“What’s really memorable about it is that it’s an absolutely ordinary act of charity, of goodwill. This is the kind of thing that anybody can do,” English said.
That simple act of generosity inspired generations of anonymous gift-giving. Givers attributed mysterious presents to St. Nicholas and passed his story from culture to culture. In the Netherlands, his nickname was “Sinter Klaas,” which evolved to “Santa Claus” when Dutch immigrants arrived in New York.
St. Nicholas’ identity was forever established as a “jolly old elf” by the famous poem “A Visit from St. Nicholas,” penned by Clement Clarke Moore in 1822.
“(The poem) starts to change him from being a Christian bishop, stern and austere and presiding over the Eucharist, to being more of a gift-giver who’s maybe more a magical creature,” said English.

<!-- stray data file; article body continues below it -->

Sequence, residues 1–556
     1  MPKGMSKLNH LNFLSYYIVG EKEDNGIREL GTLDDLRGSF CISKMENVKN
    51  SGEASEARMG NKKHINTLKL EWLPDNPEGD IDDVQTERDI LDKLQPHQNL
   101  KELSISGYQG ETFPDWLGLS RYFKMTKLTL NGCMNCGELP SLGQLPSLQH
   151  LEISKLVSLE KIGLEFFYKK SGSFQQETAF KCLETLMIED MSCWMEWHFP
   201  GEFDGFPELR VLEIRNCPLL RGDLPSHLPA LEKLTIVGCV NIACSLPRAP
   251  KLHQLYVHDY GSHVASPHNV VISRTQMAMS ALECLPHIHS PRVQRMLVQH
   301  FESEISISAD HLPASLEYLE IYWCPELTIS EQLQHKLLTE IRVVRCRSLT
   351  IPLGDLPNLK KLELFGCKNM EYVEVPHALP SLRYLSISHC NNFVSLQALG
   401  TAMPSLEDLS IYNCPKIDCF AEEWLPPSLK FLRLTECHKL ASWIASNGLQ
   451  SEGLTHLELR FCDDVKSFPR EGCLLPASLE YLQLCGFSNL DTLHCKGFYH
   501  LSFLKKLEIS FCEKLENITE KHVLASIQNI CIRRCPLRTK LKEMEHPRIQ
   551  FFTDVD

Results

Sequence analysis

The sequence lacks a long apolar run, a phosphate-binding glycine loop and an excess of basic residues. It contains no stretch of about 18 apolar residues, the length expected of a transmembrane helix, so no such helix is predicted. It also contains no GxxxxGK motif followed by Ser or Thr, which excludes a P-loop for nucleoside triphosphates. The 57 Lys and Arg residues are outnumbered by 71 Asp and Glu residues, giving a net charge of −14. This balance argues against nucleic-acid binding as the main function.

Today, the familiar images of this magical man are recreated throughout the town of Santa Claus. Huge statues that adorn the main highway and the town hall depict a smiling, rosy-cheeked figure with a large bag of toys, his red coat and hat looking nothing like clerical garb.
Still, for Santa enthusiasts, even this depiction echoes Christian beginnings that were simply transformed by American culture.
“I use the expression ‘extreme makeover,'” explained Father Joseph Marquis, a Byzantine Catholic priest who runs the St. Nicholas Institute. His program, based in Detroit, teaches the saint’s history to professional portrayers of Santa.
“They took away his miter and gave him a triangular cap and his bishop’s coat was shortened and lined with fur. The candy cane is an evolution from the crosier,” Father Marquis said.
Nicholas of Myra likely lacked the rounded figure characteristic of a diet of milk and cookies. His place in history would paint a stature hardened by persecution, perhaps even bearing the scars of torture. A contemporary of the emperor Diocletian, Nicholas lived through the most terrible persecution of the early church and was himself imprisoned.
“We know for sure his nose was broken,” said Father Marquis, referencing historical research done on the bones of the saint.